Out like a lamb-eating Yeti

Good thing nobody said it, at least not within earshot and, in particular, not while I was looking outside on the first full day of spring. Watching fresh snow pile up on the glaciers not yet receded from my yard, I knew that somewhere somebody was saying it: “Gee, looks like March isn’t going out like a lamb this year!”

“Looks like! Not unless it’s a lamb to the slaughter,” I imagined myself having to reply with a fake giggle. Luckily, I didn’t have to respond or come up with any new twists on restating the obvious. Alone in my kitchen with the Weather Channel on mute and my cupboards full from my last trip to town, I had no need to socialize and no risk of rehearing the same, lame, lamb-to-lion analogy I’ve heard every March since 1956. So I just stood there, staring at the latest blizzard. And, except for a couple feeble, lion roar sighs, I kept quiet as a lamb.

It’s human nature, I know, to lighten our Man versus Nature defenselessness by making trite fauna and flora seasonal correlations. We find the rote repetition of habitual phrases soothing—especially this year in these parts. Way back when, somebody worth listening to must have looked to the heavens and made a proclamation, right? “In like a lion…out like a lamb!” he announced and probably etched out some pictographs to record the whole story. Some years, he must have been right. Most years, his clan must have pointed to the faded drawings and retold the tale while hunkered down in whatever could shelter them from the unpredictable March weather. And the saying stuck.

I’m not sure what sort of creature this March is, but I know my daughters would have fun drawing it. Back when they were the only kids in the universe not allowed Game Boys, they used to occupy themselves during long car rides to Rangeley by challenging each other to morph as many animals as they could think of into one sketch. “This time, draw a moose-leopard-eagle-rhinoceros,” one or the other would declare, and the car would stay quiet from South Paris nearly to Rumford. I found one of the resulting animorph masterpieces shoved in an old dresser yesterday. Not really in full spring cleaning mode, but feeling like I should start taking baby steps in that direction, I was sorting through some 20-year-old camp stuff. Folded up next to a dog chewed Barbie, I came upon a pencil drawn creature with a long alligator tail, and both bird talons and moose hooves to balance his lion-like head on his camel-humped body. It was enough to snap me out of any sour weather doldrums I’d let myself slip into.

“Just keep laughing,” I told myself. “It’s all good. Spring has been finding its way up here every year without you around to fidget over it, so keep the faith.” For an extra boost, I dug out my brightest spring green sweater and put it on. Over coffee, I changed my Elmer Fudd-like Facebook picture to a profile of me enjoying warm weather and a bright blue shoreline. But when those strategies failed to do the trick, I knew it was time to shift into full-throttle attitude adjustment mode—to rely on my tried and true home remedy for keeping my chin up and my thoughts prosperous: Put the right gear on my feet, point them away from the cabin, and just get out there!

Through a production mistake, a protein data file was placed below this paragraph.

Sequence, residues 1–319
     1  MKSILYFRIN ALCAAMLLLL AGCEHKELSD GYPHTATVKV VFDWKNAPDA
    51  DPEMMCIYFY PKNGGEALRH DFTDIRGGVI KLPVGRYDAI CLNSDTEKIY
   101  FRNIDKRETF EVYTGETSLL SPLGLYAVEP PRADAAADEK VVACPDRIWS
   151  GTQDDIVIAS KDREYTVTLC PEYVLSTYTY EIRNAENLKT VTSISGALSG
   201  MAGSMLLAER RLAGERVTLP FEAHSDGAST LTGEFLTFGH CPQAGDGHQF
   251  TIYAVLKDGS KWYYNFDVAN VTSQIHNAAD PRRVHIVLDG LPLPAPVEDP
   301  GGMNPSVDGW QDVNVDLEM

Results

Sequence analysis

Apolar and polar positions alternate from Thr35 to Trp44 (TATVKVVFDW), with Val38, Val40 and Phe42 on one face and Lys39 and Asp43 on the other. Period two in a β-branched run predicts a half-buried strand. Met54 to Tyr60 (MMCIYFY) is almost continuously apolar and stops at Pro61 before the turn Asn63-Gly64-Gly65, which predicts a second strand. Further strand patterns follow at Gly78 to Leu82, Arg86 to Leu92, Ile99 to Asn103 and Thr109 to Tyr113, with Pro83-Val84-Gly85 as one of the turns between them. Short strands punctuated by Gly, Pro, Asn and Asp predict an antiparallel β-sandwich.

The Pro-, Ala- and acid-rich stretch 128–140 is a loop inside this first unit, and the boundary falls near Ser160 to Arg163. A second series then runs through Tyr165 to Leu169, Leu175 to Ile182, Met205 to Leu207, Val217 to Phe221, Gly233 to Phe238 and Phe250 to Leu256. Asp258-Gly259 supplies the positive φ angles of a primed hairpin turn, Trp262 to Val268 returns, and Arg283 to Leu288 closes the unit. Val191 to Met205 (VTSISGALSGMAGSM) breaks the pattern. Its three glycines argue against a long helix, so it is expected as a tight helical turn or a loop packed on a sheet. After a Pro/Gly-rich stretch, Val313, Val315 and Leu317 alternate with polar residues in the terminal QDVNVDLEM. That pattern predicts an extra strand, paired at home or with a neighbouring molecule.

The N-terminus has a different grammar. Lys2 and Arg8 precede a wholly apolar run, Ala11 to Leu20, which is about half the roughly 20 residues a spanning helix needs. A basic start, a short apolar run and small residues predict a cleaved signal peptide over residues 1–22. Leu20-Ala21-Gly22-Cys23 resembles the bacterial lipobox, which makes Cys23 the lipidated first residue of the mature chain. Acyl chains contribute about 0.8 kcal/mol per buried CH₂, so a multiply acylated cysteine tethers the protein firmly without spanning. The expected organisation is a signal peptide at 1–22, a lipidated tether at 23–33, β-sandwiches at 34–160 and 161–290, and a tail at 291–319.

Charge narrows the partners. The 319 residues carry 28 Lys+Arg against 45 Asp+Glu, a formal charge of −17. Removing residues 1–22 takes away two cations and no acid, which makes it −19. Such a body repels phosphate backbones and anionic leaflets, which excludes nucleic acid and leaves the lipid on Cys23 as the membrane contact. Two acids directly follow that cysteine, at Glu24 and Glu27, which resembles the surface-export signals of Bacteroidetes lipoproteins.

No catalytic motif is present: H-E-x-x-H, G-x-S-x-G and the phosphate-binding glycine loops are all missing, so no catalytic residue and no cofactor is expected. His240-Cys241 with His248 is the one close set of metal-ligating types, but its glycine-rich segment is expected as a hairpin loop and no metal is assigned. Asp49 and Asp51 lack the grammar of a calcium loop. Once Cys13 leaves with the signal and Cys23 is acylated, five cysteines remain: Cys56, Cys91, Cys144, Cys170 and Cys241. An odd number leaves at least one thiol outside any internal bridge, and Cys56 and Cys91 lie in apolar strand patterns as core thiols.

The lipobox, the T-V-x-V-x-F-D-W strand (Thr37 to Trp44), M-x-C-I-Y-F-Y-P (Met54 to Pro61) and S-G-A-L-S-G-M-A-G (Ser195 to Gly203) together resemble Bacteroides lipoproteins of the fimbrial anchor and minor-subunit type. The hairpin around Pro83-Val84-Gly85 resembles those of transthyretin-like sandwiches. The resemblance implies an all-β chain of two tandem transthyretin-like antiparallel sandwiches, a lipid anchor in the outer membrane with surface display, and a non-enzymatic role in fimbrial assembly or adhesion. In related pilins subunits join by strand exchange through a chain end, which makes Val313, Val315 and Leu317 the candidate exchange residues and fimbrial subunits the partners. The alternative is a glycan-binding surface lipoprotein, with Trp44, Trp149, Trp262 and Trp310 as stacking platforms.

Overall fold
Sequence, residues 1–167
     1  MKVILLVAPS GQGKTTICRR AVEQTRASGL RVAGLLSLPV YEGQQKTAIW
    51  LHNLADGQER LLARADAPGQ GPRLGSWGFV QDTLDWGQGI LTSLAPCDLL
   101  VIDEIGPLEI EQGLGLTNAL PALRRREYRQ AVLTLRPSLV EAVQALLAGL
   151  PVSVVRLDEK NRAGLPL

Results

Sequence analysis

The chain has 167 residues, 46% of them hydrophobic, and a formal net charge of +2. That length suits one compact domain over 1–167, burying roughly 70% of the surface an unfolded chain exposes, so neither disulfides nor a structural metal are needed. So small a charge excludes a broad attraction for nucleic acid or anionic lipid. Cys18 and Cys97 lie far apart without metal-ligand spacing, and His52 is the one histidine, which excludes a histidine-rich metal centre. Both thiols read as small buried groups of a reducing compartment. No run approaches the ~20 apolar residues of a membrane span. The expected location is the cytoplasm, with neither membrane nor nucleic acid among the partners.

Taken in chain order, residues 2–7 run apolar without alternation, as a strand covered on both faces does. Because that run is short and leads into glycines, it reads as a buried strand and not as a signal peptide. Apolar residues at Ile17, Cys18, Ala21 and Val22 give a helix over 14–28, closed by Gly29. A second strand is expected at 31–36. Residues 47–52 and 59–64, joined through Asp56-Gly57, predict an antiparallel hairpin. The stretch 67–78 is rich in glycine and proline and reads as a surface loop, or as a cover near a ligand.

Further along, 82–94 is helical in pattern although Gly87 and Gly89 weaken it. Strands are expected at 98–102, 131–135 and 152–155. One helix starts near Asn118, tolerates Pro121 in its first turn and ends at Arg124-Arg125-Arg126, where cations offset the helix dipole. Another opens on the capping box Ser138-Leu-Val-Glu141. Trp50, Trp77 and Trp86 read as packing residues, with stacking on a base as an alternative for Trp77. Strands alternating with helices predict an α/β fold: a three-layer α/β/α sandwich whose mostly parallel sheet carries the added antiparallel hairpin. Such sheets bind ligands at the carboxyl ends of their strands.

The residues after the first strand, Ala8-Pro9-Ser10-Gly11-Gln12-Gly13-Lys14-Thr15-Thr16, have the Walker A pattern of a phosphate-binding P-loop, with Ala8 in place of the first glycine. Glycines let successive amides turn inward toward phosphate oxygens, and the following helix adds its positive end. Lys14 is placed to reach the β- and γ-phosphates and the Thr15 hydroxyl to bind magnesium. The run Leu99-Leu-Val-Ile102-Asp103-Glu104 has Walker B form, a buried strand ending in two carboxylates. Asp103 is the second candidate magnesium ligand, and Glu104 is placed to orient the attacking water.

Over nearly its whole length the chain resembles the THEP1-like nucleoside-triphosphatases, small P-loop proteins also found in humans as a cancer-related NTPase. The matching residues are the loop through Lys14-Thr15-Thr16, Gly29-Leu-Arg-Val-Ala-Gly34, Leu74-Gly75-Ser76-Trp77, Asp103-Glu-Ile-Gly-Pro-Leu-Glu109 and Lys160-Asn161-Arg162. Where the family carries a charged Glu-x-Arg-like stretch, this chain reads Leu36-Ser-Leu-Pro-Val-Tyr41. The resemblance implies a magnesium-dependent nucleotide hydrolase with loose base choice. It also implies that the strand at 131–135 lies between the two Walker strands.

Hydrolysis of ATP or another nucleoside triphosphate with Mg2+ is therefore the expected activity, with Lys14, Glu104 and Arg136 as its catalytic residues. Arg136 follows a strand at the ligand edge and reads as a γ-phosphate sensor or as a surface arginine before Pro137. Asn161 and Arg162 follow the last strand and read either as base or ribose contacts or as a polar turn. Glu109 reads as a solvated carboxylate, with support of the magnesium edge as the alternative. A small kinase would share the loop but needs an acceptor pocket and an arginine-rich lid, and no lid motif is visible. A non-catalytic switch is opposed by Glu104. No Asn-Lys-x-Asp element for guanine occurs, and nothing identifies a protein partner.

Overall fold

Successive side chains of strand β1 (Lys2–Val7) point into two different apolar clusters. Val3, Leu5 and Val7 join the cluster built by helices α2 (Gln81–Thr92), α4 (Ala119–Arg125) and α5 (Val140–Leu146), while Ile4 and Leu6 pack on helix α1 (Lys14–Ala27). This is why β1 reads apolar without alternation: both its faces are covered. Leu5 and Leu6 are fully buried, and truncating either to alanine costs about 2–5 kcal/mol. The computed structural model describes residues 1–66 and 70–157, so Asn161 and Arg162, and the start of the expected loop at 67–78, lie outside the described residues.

The right footwear part of my plan is crucial to its effectiveness, I’ve learned. Choose wrong, and a brisk walk to gain fresh air and a new perspective can easily turn into a death march. In January, in Ice Road Tracker, you might remember me professing my love for Yaktrax which, back then, were just the thing for keeping me safe and vertical during my daily walks. Well, I’m much worldlier now, and my needs have matured. Once my road surfaces got really serious from repeated thawing and refreezing, I had to ditch my Yaktrax like a middle-school crush. Lately, I’ve been going out with real studs—metal ones strapped to my boots so I don’t cripple myself six ways to Sunday taking a walk. And, when I want a real fling, I can still strap on my snowshoes and get way out there.

“I guess we’ll still be walkin’ on the wild side a few more weeks,” I concluded as I reacquainted myself with my snowshoes. My gear of choice the other day, they helped me negotiate my luge track of a driveway till I was once again trekking up my favorite hillside across the road. As usual, it wasn’t long before my attitude fell in step as I made my way up the path that always brings me back to center. No matter what kind of footwear and how much resolve it took, I’d walked this path—in summer, through winter, and back into the promise of spring. And, along the way, I’d eaten raspberries sweet as the August sun, watched lupines bloom and hibernate, and a moose leading her yearling to browse. On a snowy day not so different from this, I’d brought my first Rangeley Christmas tree down off the hill with me. Once again reaching the top on the first blustery day of spring, I paused to appreciate my place overlooking the lake and mountains, and the reasons why I was there came back into focus. As I pointed my feet homeward, I could feel the sun gaining strength and hear the gurgle of melting run-off finding its way down Bemis  beneath the snow. Spring was under there somewhere, I could feel it.

By the time I reached home, my Elmer Fudd hat was crusted over with new snow again. But even though I had to inch down the driveway like a drunken penguin, my smile didn’t fade. Not much can stop me from strapping on gear and getting out there, I’ve determined. I have given up, though, on trying to decide exactly what kind of creature the month of March is. He’s a gnarly one, I figure, with thick fur and long, ice gripping talons on the end of his paws—a beast that eats little lambs for breakfast. Whatever he looks like, I sure hope he lets spring come to Rangeley sometime before April showers bring May flowers.

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